(c) A munition that, in order to avoid indiscriminate area effects and the risks posed by unexploded submunitions, has all of the following characteristics:

(i) Each munition contains fewer than ten explosive submunitions;

(ii) Each explosive submunition weighs more than four kilograms;

(iii) Each explosive submunition is designed to detect and engage a single target object;

(iv) Each explosive submunition is equipped with an electronic selfdestruction mechanism;

(v) Each explosive submunition is equipped with an electronic selfdeactivating feature.

[i]       LIG Nex1, “About LIG Nex1”, LIG Nex1 website (www.LIG Nex1.com/eng/company/intro.jsp), last viewed 5 April 2018.

[ii]       Navy Recognition, “MADEX 2017: LIG Nex1 Showcasing TSLM / Sea Dragon / Haeseong II Land Attack Missile for the 1st Time”, 24 October 2017, Navy Recognition website (www.navyrecognition.com/index.php/news/naval-exhibitions/2017/madex-2017/5651-madex-2017-lig-nex1-showcasing-tslm-sea-dragon-haeseong-ii-land-attack-missile-for-the-1st-time.html), last viewed 25 October 2018.

[iii]      LIG Nex1, “Ship-Launched/Air-Launched Guided Missiles”, LIG Nex1 website (www.LIG Nex1.com/eng/product/product01_02.jsp), last viewed 5 April 2018.

[iv]      Navy Recognition, “MADEX 2017: LIG Nex1 Showcasing TSLM / Sea Dragon / Haeseong II Land Attack Missile for the 1st Time”, 24 October 2017, Navy Recognition website (www.navyrecognition.com/index.php/news/naval-exhibitions/2017/madex-2017/5651-madex-2017-lig-nex1-showcasing-tslm-sea-dragon-haeseong-ii-land-attack-missile-for-the-1st-time.html), last viewed 6 September 2018; Missile Threat, “Haeseong II”, 10 October 2017, Missile Threat website (https://missilethreat.csis.org/missile/haeseong-ii/), last viewed 6 September 2018.

[v]      Navy Recognition, “MADEX 2017: LIG Nex1 Showcasing TSLM / Sea Dragon / Haeseong II Land Attack Missile for the 1st Time”, 24 October 2017, Navy Recognition website (www.navyrecognition.com/index.php/news/naval-exhibitions/2017/madex-2017/5651-madex-2017-lig-nex1-showcasing-tslm-sea-dragon-haeseong-ii-land-attack-missile-for-the-1st-time.html), last viewed 5 April 2018.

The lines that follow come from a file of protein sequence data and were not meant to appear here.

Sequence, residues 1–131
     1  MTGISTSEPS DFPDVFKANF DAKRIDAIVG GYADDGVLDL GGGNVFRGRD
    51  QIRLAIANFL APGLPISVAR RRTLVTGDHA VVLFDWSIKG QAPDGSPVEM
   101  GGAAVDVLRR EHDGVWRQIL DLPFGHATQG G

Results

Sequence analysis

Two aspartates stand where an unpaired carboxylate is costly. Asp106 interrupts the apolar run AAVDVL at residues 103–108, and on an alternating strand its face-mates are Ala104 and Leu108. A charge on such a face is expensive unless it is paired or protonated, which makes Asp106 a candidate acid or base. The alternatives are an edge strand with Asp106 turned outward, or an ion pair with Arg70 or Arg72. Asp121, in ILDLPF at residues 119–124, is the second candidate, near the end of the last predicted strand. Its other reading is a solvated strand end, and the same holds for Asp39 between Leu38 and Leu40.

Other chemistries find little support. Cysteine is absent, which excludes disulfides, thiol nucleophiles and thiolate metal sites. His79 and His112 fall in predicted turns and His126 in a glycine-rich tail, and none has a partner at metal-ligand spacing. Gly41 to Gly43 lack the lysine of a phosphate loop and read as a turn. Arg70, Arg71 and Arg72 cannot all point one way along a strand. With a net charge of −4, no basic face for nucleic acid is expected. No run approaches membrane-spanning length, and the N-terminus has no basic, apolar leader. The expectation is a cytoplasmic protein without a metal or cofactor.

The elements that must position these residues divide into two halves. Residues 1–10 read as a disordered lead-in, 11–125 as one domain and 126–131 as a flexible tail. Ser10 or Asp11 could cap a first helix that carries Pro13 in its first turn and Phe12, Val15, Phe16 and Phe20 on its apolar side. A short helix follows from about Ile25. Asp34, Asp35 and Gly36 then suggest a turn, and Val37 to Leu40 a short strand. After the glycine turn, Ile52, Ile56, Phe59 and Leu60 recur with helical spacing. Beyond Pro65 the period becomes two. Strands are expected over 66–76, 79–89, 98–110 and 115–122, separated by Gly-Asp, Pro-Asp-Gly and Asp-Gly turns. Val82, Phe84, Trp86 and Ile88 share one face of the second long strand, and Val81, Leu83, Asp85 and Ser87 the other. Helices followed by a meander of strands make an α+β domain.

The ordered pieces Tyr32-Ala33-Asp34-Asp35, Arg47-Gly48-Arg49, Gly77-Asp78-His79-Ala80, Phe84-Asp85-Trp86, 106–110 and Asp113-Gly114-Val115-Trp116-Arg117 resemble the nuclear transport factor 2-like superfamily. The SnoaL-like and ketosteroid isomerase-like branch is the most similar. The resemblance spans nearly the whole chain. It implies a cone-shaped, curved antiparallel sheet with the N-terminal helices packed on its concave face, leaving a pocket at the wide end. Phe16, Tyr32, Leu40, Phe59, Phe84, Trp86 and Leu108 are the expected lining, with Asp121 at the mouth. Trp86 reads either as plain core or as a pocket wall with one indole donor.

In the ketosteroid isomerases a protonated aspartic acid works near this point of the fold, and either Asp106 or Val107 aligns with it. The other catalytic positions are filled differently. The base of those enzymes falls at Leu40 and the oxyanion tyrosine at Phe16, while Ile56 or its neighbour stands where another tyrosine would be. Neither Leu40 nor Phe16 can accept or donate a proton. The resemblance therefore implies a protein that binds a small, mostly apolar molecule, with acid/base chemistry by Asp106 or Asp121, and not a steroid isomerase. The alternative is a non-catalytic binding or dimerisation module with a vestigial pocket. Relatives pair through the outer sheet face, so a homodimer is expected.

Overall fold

[vi]      Yeo, M., “South Korea develops missile with flight path-changing capability “, 21 April 2017, Defense News website (www.defensenews.com/naval/2017/04/21/south-korea-develops-missile-with-flight-path-changing-capability/), last viewed 25 October 2018

[vii]     Missile Threat, “Haeseong II”, 10 October 2017, Missile Threat website (https://missilethreat.csis.org/missile/haeseong-ii/#en-2962-3), last viewed 25 October 2018.

[viii]     DAPA, “Possible to hit major targets on the … Tactical earth missile!”, YouTube website https://youtu.be/-knQgmIPu_g, last viewed 25 October 2018; see explosions at 0:11 and 2:07 respectively.

[ix]      Navy Recognition, “MADEX 2017: LIG Nex1 Showcasing TSLM / Sea Dragon / Haeseong II Land Attack Missile for the 1st Time”, 24 October 2017, Navy Recognition website (www.navyrecognition.com/index.php/news/naval-exhibitions/2017/madex-2017/5651-madex-2017-lig-nex1-showcasing-tslm-sea-dragon-haeseong-ii-land-attack-missile-for-the-1st-time.html), last viewed 25 October 2018.

[x]      DAPA, Successful development of ‘tactical earth missile’ with naval escort, https://www.youtube.com/watch?time_continue=1&v=WvUucH0Ol5s, at 1:13, last viewed 25 October 2018, also available at https://youtu.be/jSKo3LWsgXc, last viewed 25 October 2018.